DIA’s director Lt. Gen. Mike Flynn warned Congress in February that ISIS, which he said simply was al-Qaida in Iraq (AQI) by another name, “probably will attempt to take territory in Iraq and Syria to exhibit its strength in 2014, as demonstrated recently in Ramadi and Fallujah, and the group’s ability to concurrently maintain multiple safe havens in Syria.” He said while most Iraqi Sunnis “probably remain opposed to AQI’s ideology and presence in Iraq and Syria, some Sunni tribes and insurgent groups appear willing to work tactically with AQI as they share common anti-government goals,” because of what Flynn described as “Baghdad’s refusal to address long-standing Sunni grievances, and continued heavy-handed approach to counterterror operations.”
But nonetheless many inside the U.S. government acknowledge that American intelligence gathering is not what it was before U.S. troops withdrew from the country at the end of 2011.
Complicating that task is that ISIS has taken refuge in urban areas, making striking them without striking civilians near to impossible, Schiff said. “It’s hard to imagine how we could do something that would produce...even the most modest tactical advantage,” he added Sunday.
Determining the enemy’s identity is key to figuring out what legal authority the White House could use to target Iraq’s enemies—something administration lawyers are grappling with as military planners try to come up with a target list, according to the senior administration official, who was briefed on the issue.
If the administration determines that former Baathists from the fallen regime of Saddam Hussein make up much of the force marching south, the administration theoretically could use the Authorization for the Use of Military Force passed by Congress in 2002 that was the legal basis for the 2003 invasion of Iraq. That would be legally tricky, as it was originally predicated largely on the suspected presence of unauthorized weapons of mass destruction, and actions of a regime that is now out of power.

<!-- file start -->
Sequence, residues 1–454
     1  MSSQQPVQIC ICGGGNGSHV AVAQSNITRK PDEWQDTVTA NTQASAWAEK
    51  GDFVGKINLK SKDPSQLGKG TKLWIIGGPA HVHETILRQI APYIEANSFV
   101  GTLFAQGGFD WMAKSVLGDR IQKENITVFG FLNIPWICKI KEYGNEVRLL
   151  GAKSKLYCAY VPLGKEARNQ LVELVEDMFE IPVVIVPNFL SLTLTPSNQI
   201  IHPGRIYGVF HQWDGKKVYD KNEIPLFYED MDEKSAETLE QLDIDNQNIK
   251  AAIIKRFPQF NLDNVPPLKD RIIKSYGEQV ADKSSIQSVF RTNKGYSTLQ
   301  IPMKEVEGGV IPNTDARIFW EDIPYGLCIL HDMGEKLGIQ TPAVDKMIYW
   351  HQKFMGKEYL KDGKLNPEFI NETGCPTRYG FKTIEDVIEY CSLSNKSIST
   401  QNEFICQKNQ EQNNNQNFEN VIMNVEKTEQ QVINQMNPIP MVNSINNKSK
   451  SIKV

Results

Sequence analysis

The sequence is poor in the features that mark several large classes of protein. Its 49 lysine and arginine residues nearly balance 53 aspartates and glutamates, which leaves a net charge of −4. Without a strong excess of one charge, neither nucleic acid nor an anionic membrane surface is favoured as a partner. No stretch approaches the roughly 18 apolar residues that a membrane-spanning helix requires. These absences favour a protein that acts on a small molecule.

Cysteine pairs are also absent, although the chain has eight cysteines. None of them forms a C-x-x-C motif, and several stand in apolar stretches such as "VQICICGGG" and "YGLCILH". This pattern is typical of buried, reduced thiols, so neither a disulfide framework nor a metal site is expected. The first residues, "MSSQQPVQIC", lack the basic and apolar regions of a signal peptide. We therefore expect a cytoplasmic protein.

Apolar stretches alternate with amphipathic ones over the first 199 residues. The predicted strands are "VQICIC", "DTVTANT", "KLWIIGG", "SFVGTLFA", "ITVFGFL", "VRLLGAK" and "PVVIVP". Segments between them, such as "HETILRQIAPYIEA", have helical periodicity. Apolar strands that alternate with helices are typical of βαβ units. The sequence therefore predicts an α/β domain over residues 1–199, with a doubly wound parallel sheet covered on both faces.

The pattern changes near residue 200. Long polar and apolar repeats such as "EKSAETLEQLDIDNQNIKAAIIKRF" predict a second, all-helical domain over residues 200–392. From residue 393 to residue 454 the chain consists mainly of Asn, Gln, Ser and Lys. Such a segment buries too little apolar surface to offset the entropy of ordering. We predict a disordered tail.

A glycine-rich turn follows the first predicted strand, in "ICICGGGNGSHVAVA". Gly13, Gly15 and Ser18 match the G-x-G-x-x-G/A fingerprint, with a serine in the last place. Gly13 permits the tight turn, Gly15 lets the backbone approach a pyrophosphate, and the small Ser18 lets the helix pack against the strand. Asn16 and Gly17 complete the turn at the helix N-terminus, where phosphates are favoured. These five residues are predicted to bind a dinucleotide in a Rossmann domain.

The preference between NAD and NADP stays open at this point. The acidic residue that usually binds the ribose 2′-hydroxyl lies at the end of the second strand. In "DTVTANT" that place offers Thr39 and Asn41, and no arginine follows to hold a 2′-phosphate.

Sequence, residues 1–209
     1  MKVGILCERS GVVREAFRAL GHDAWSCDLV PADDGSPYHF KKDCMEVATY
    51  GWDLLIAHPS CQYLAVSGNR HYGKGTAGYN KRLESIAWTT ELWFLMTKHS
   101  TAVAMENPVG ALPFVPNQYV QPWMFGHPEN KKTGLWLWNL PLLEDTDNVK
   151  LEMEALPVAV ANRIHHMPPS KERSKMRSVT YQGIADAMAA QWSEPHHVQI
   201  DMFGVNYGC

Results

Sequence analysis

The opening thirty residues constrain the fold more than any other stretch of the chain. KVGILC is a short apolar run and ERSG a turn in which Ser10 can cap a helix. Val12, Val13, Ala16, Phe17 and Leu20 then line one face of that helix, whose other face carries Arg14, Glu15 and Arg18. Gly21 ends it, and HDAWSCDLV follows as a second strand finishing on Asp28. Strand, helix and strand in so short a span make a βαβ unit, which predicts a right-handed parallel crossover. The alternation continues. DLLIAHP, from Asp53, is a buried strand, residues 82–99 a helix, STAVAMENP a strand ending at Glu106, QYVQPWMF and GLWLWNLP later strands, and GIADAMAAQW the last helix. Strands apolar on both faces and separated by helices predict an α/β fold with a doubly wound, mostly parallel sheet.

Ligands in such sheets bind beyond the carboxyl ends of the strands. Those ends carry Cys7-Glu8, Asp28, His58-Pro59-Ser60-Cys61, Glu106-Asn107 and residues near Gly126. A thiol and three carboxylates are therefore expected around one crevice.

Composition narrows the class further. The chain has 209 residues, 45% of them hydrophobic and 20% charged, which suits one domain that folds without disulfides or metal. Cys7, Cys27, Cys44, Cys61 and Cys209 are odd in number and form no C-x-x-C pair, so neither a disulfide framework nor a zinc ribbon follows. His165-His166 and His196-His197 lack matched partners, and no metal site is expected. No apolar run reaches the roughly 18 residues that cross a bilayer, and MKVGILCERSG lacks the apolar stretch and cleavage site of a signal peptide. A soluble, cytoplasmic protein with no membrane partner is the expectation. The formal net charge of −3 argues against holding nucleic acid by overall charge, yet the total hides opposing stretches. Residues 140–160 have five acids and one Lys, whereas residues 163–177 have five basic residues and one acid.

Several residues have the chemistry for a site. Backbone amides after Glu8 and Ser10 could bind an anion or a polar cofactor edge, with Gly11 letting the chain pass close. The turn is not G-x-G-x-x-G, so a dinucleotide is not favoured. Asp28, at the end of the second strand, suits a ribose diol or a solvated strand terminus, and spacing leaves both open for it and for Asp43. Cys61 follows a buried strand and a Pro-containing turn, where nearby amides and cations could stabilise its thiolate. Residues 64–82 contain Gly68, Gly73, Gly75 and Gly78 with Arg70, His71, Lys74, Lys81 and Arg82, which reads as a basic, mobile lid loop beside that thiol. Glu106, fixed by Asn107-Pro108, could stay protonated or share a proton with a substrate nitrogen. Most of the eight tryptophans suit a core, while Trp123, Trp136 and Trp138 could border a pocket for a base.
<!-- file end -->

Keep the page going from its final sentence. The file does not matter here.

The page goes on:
If ISIS militants are deemed to be the largest component of the invaders, another option is to apply the 2001 Authorization for the Use of Military Force against al Qaeda and related militant groups that was passed after the attacks of Sept. 11, 2001, to ISIS, despite the fact that al-Qaeda has disavowed the group.
A third option is to go to Congress and ask it to reinterpret the al Qaeda AUMF to expand it to apply more broadly to all terrorist groups threatening Western interests.
Finally, President Obama could make an argument that he is acting to protect American diplomats and contractors still in harm’s way, under Article II of the Constitution, the official said.
Schiff, who is also a lawyer, said any claim to authorize force in Iraq based on Article II of the Constitution would likely provoke objections in Congress. “It’s hard to claim immediate threat to the United States” that would preclude going to Congress to seek permission, “though there is certainly a threat when ISIS eventually turns its attention from Iraq and Assad in Syria to the U.S. homeland,” he said.
“My guess is if he feels the imperative of doing something quickly, he won’t want to come to Congress.”